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The metaverse isn’t there yet, but it already has a long history

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I believe The Sandbox is indebted to the virtual world of Second Life, where spaces for building practice have been referred to as “sandboxes” since its launch in 2002.

Second Life originally had point-to-point teleportation (P2P). You could get anywhere in the blink of an eye. But in 2003, Linden Lab, the company that owns Second Life, shut down P2P. Residents trying to reach a destination appear on the nearest ‘telehub’.

This had consequences for the real estate. Value for business and entertainment, plots near telehubs sold for top dollar – until 2005, then Linden Lab suddenly announced the end of telehubs and the return of P2P.

Land near former telehubs no longer had any special value; some people lost thousands of dollars. The most powerful landlord can’t change the laws of physics, but Linden Lab can literally recode scarcity out of existence.

Fast forward almost 20 years. Land next to Snoop Dogg’s virtual mansion is scarce: a lot can cost $450,000 because The Sandbox has no P2P. But if the company were to suddenly add P2P, that $450,000 investment could become nearly worthless. That experts tend to ignore this fact reveals the danger of forgetting metaverse history.

Immersion – sensory or social?

Another example of the importance of metaverse history concerns the idea of ​​virtual environments. Virtual worlds don’t just connect places; they are places in themselves.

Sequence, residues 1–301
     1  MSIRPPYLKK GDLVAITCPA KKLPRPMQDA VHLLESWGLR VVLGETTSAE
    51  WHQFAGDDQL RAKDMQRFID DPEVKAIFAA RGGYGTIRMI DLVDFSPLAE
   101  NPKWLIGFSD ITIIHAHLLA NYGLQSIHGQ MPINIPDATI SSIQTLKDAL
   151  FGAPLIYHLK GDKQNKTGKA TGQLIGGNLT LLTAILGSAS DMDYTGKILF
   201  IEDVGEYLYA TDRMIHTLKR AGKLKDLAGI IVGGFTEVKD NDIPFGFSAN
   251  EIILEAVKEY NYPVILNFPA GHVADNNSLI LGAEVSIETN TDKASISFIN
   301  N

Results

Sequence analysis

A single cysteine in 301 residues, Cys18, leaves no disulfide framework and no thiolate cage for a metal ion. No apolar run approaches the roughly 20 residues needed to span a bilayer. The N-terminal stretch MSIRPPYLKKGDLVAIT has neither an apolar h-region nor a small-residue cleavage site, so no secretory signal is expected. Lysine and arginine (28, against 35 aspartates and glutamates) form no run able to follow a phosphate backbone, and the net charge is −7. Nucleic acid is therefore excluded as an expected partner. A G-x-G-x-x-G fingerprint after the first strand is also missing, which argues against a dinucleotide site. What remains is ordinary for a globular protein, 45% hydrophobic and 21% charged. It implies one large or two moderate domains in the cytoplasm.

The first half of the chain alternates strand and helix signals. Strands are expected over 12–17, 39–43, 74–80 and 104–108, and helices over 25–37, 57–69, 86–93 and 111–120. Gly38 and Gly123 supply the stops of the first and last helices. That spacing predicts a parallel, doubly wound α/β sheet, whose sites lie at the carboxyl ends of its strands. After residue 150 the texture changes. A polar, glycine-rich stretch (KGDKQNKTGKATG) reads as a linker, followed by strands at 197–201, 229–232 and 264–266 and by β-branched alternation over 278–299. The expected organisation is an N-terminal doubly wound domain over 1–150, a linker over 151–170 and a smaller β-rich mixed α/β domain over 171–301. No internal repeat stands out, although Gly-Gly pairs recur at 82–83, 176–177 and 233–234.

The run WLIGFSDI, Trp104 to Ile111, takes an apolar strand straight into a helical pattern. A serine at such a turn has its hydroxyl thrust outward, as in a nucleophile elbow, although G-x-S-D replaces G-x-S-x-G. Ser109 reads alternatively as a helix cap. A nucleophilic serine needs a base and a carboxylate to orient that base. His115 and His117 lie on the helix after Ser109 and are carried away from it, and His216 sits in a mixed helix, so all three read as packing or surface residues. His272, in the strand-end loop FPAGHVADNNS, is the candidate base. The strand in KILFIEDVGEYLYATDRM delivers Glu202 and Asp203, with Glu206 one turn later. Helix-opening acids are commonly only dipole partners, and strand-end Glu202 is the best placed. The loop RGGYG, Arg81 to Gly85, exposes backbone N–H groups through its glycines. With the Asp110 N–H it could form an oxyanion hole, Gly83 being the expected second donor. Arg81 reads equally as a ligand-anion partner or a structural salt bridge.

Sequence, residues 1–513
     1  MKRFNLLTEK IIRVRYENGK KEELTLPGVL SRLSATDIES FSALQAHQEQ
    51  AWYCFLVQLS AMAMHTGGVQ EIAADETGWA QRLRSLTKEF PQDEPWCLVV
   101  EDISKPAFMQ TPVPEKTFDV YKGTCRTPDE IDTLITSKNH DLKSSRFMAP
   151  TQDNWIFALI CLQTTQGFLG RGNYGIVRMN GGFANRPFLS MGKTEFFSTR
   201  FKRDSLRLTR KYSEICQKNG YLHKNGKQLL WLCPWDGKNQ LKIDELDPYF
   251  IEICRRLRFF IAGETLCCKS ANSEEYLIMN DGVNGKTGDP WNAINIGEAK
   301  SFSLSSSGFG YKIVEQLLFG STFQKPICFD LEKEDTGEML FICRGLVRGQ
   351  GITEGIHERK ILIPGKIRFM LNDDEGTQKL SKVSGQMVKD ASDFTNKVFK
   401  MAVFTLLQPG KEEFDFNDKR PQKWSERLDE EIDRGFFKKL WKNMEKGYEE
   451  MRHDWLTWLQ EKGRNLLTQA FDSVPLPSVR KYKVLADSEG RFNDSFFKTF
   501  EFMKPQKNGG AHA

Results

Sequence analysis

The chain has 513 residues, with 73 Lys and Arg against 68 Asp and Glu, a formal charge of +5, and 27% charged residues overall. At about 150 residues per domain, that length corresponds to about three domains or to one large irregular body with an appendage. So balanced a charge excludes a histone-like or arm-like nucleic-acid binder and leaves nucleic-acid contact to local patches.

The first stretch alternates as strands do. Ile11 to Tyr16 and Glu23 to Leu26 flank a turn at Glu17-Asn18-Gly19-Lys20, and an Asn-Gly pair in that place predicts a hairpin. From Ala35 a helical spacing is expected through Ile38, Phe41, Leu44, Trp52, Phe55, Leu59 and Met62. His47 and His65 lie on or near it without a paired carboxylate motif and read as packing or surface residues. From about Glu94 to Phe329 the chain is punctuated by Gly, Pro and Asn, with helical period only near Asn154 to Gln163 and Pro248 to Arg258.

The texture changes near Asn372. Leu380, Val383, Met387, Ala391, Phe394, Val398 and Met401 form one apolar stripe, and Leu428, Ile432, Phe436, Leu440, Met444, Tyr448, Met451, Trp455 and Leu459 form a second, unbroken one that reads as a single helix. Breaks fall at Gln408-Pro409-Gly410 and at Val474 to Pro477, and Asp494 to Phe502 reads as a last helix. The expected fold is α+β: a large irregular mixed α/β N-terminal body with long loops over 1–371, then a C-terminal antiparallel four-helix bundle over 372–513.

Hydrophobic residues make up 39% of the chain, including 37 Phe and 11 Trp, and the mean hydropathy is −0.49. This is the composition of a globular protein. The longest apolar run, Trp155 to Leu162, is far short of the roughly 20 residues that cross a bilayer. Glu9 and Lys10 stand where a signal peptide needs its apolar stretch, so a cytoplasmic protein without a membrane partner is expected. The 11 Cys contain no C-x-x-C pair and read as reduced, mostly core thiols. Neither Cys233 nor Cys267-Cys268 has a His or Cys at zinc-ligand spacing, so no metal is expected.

People played chess with the telegraph 150 years ago; those virtual chessboards weren’t on either end of the wire. In 1992 Bruce Sterling noted: that phone calls do not take place in your phone or in the other person’s phone. They take place in a virtual environment: “The place between the telephones. The indeterminate place out there, where you two, two people, actually meet and communicate.”

in 1990, Habitat’s founders concluded: that the metaverse is defined more by the interactions between people in it than by the technology that creates it. They were particularly skeptical of virtual reality technologies, noting that “the almost mystical euphoria that currently seems to surround all this hardware is, in our opinion, both exaggerated and slightly misplaced.”

It’s not about the potential of VR, but about the Matrix-esque idea that sensory immersion is necessary for the metaverse in any case. The main distinction is between: sensory immersion and social immersion. The idea that virtual environments require VR doesn’t understand ‘immersion’. It is also proficient, because not everyone can see or hear. The history of the metaverse indicates that social immersion is the foundation of the metaverse.

Learning from history

The metaverse still has a long way to go, but it already has a long history. Proximity and immersion are just two examples of crucial topics that can demystify this history.

This is important because the current rampant mystification is not accidental. The emerging version of the metaverse is overwhelmingly owned and developed by Big Tech. These companies are trying to create the perception that the metaverse is new and futuristic. But metaverse histories are real; they can reveal mistakes from the past and contribute to a better virtual future.

Tom Boellstorff is a professor of anthropology at the University of California, Irvine.

This article was republished from The conversation under a Creative Commons license. Read the original article.

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